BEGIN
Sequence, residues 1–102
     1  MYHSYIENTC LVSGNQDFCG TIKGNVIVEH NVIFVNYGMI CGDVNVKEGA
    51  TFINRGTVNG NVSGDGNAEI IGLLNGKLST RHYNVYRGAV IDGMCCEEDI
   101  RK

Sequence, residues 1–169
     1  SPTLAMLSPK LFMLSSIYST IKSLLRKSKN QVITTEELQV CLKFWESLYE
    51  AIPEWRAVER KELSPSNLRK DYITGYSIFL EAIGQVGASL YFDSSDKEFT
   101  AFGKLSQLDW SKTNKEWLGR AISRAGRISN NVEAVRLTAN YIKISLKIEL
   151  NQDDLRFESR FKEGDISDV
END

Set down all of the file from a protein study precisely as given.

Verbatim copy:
Sequence, residues 1–102
     1  MYHSYIENTC LVSGNQDFCG TIKGNVIVEH NVIFVNYGMI CGDVNVKEGA
    51  TFINRGTVNG NVSGDGNAEI IGLLNGKLST RHYNVYRGAV IDGMCCEEDI
   101  RK

Sequence, residues 1–169
     1  SPTLAMLSPK LFMLSSIYST IKSLLRKSKN QVITTEELQV CLKFWESLYE
    51  AIPEWRAVER KELSPSNLRK DYITGYSIFL EAIGQVGASL YFDSSDKEFT
   101  AFGKLSQLDW SKTNKEWLGR AISRAGRISN NVEAVRLTAN YIKISLKIEL
   151  NQDDLRFESR FKEGDISDV